Can Greece become the Florida of Europe? [Infographic]
Cruise ships at Mykonos, Greece. (Picture: Alamy)
Tourism officials in the country are hoping to build on recent success through new investments.
Athens — and, indeed, Greece as a country — has become a hotbed of tourism, especially now during holiday season.
In the heart of old Athens, it is not uncommon to see tourists in hats with cameras slung about, craning to take the best possible photos. It is also not uncommon to see parties who have disembarked temporarily from cruise ships being guided through the narrow streets and squares of Plaka beneath the ancient Acropolis.
It’s all proof of something that tourism officials in the country have known for some time: Greece is now among the most popular destinations in the world, with experts estimating it is likely to attract 33 million tourists this year, even with a global economic uncertainty beginning to mount.
According to the TOPHOTELCONSTRUCTION online database 23 hotel projects are currently in the pipeline in Greece.
Of the 33 million tourists expected to pay a visit to Greece this year, an estimated one sixth will find themselves visiting Athens, a capital city that until recently was known more for its anti-austerity protests.
Those days are mostly gone, and so too is that idea that it is perhaps best to bypass the Greek capital in favor of a holiday trip to one of the country’s isles.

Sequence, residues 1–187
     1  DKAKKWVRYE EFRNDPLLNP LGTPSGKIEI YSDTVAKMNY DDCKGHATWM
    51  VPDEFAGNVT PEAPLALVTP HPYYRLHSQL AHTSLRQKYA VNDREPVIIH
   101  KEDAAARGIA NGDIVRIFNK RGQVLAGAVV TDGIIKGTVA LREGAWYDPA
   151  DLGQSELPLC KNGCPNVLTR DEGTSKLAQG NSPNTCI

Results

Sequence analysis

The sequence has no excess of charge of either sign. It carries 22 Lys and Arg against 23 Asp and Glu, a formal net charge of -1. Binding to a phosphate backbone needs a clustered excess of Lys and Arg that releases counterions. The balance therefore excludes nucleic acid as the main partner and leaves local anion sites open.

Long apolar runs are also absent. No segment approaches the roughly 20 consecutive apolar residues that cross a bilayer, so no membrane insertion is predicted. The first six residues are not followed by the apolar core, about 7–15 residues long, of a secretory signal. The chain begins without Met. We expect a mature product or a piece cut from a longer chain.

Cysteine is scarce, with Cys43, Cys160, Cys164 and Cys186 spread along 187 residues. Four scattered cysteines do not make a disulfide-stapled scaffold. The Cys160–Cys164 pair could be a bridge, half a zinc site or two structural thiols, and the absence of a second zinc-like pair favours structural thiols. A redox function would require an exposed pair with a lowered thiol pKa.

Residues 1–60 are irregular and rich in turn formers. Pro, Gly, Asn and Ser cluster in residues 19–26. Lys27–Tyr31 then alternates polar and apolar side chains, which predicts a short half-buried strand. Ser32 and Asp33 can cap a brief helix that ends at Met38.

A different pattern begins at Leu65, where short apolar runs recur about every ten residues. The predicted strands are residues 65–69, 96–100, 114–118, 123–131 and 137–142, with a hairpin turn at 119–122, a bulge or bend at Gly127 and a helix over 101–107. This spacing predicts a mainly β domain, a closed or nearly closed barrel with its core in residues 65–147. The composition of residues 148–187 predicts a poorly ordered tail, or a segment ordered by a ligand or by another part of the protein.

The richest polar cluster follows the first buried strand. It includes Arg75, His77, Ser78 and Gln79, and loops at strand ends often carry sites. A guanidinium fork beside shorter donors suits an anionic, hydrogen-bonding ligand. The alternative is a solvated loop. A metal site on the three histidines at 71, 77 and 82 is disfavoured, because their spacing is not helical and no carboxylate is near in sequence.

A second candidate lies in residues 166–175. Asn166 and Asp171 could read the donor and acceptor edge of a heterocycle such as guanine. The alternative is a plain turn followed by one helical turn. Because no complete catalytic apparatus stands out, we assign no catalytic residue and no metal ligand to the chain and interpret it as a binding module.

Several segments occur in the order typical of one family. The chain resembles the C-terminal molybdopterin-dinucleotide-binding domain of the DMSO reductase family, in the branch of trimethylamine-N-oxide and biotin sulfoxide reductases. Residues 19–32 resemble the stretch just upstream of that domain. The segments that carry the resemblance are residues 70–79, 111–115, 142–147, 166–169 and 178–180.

“There has been a massive increase with each year being a record year for the last six years,” Yiannis Retsos, the country’s tourism chief, told the Observer. “Greece has become trendy for sure.”
This boom in tourism follows nearly a decade of crisis, during which Greece became a debt-stricken nation.
Their tourism fortunes, however, are firmly now on the upswing, with the industry there having grown nearly 7 percent last year, which is actually more than three and a half times faster than the country’s wider economy. Meanwhile, tourism is also generating about 25 percent of the country’s GDP, establishing it as vital to Greece’s public finances. And for the first time, this year tourism-related jobs there are projected to surpass one million, or 25 percent of the country’s labor market, according to new information from the World Travel and Tourism Council (WTTC).
The spectre of over-tourism looms for Greece — as it does in many countries throughout Europe — but with recent vital upgrades to roads, ports, airports, waste disposal and electricity grids after years of cutbacks, the country is investing in its hospitality fortunes for the long haul.
This much is also evident through looking at Greece’s project pipeline via TOPHOTELCONSTRUCTION.
Let’s take a look at a few more hotel projects in Greece:
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